Peltzman: Toward a more general theory of regulation
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Peltzman. 1976. Toward a more general theory of regulation. Journal of Law and Economics 19: 211-240.
Stigler's model of regulation gave a demand-side explanation of regulatory politics--that is, an explanation based on Olson's logic of collective action, showing that the largest firms will lobby most effectively, resulting in regulation that almost always favors producers over consumers.
Peltzman seeks to update Stigler's theory to give it equal attention to supply-side factors--that is, factors that might motivate regulators to produce regulations that benefit consumers even though producers lobby better. Peltzman's primary motivation is to replace Stigler's vague concept of a "regulator" with the more concrete idea of a "legislator," with all the electoral motivations that implies.
Peltzman's theory, then, presents a balanced theory of both supply and demand of regulation. This theory specifies a political equilibrium for a regulator (i.e. how much he should bend to producers' demands).
Stigler's theory had problems. It would not explain why Congress passes regulations that hurt big businesses, or why protectionism is sometimes reduced. To obtain more realistic conclusions, Peltzman modifies the theory. He begins with three main premises:
- Regulation redistributes wealth;
- Regulators (legislators) desire to remain in office--so legislation will always be written to maximize political support (see Mayhew);
- Interest groups compete by offering political support in exchange for favorable legislation.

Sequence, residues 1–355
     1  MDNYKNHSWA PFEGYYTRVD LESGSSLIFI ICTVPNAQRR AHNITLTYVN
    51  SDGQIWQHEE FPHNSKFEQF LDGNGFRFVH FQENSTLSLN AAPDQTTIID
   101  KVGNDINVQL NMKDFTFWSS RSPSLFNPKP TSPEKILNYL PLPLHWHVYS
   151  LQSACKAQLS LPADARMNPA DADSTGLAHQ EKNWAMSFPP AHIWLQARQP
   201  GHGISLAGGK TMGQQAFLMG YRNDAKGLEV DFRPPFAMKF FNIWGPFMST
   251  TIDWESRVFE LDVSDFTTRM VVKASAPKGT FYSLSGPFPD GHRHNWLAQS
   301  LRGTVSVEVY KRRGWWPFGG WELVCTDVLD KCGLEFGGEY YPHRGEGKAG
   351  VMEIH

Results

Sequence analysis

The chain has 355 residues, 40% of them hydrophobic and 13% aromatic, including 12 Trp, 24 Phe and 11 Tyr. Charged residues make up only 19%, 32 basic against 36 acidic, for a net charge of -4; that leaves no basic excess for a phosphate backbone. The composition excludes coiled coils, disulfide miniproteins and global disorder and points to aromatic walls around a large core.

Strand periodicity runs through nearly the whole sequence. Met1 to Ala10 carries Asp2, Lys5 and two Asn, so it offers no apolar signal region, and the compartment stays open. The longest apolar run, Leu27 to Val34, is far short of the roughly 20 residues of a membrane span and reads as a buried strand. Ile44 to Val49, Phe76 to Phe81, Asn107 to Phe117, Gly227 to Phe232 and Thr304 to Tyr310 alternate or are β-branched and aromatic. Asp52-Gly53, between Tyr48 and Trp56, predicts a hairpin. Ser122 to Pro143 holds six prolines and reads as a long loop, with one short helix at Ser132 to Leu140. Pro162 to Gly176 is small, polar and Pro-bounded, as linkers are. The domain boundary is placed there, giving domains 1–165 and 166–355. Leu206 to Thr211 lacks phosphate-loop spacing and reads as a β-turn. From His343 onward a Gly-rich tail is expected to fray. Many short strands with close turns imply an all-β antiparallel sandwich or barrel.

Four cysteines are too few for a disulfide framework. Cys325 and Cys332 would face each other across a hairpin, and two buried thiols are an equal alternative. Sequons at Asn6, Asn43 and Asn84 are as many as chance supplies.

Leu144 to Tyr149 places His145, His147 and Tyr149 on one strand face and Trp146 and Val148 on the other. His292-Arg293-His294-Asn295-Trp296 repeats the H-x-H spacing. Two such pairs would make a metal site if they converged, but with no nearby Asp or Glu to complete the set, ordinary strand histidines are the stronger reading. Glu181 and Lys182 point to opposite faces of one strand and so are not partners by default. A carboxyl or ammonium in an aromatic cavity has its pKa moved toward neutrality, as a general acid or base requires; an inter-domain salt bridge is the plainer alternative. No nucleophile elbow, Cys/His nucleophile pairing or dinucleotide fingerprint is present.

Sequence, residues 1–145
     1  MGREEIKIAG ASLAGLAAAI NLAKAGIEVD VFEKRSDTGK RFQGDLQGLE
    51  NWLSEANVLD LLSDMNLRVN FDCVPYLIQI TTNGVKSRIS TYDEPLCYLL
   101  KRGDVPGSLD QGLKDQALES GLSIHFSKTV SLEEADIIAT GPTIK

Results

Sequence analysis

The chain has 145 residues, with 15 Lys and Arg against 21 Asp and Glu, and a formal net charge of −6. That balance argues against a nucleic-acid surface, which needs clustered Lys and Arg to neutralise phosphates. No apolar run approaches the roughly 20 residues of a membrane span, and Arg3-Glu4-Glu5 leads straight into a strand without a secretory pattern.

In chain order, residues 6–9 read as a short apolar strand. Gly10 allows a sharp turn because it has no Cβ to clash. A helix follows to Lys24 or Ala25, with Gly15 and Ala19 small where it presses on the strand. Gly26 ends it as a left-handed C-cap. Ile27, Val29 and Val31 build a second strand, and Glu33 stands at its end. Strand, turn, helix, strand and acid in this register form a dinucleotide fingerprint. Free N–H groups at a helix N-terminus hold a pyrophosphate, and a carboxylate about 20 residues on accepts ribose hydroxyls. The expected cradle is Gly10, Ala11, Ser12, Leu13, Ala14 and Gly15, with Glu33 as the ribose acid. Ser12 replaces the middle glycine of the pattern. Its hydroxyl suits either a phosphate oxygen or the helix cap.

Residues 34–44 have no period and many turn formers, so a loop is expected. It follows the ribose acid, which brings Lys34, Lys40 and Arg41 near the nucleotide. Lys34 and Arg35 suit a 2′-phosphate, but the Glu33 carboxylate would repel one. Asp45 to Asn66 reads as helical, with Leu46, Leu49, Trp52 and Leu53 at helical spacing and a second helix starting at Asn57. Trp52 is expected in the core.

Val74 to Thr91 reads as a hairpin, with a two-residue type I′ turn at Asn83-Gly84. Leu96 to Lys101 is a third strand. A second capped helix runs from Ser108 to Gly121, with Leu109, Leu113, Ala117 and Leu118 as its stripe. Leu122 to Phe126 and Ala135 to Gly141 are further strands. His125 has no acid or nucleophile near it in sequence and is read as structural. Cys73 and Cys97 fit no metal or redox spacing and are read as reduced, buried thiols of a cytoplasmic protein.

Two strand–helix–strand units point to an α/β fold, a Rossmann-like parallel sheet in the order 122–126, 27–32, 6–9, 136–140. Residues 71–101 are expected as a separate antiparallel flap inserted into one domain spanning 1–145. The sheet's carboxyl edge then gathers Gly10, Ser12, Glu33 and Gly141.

Note that "political support" might mean either money or votes. So if a proposed regulation would increase prices, it has two effects on political support. Producers (at least those affected by the regulation) would gain profits, so the legislators gain interest group support. And consumers would have to pay more, so the legislators lose voter support. Winning takes both money and votes, so legislators will balance these two types of support at an equilibrium point that maximizes their chances of reelection.
To say the same thing in more economic language, consider this process in terms of marginal gains and marginal costs. Regulators want to be reelected. They base their decision about a proposed regulation on marginal political costs and marginal political gains.
- Marginal gains: Each additional amount of protection provided to an industry brings the sorts of benefits Stigler talked about (campaign contributions from the big firms, etc.). Marginal gains are weighted by the probability that beneficiaries will actually support the regulator in the future.
- Marginal costs: Increasing protection reduces consumers' surplus. In effect, it creates an implicit tax (based on the size of the benefit transferred to producers and the number of nonbeneficiaries in the population, among other things). (The implicit tax is similar to a per-capita decline in consumer surplus). Marginal costs are weighted by the probability that this implicit tax is large enough that consumers will vote against the regulator in the future.
When marginal gains equal marginal costs, the regulator is at political equilibrium.
Deciding Whether to Lobby
In addition to the potential per-firm wealth transfer that the beneficiaries can enjoy, they also consider the total costs of getting these regulations (costs of politically supporting the regulator, costs of organizing to lobby). These firms may incur lobbying expenses for "voter education" programs (to persuade voters to support their tariff or whatnot). An interest group lobbies when the benefits exceed the costs.
Deciding Whether to Counter-Mobilize
Consumers rarely have an incentive to take action against the regulator (legislator); see Olson.
Comments and Criticism
Stigler left the "regulator" in a black box. Peltzman improves on this by thinking of the regulator as a legislator. But most regulation is done by executive agencies, not Congress. Later research has emphasized the importance of legislative-bureaucratic interactions in actually producing regulations--and this relationship might be just as important as the relationships Stigler emphasizes.
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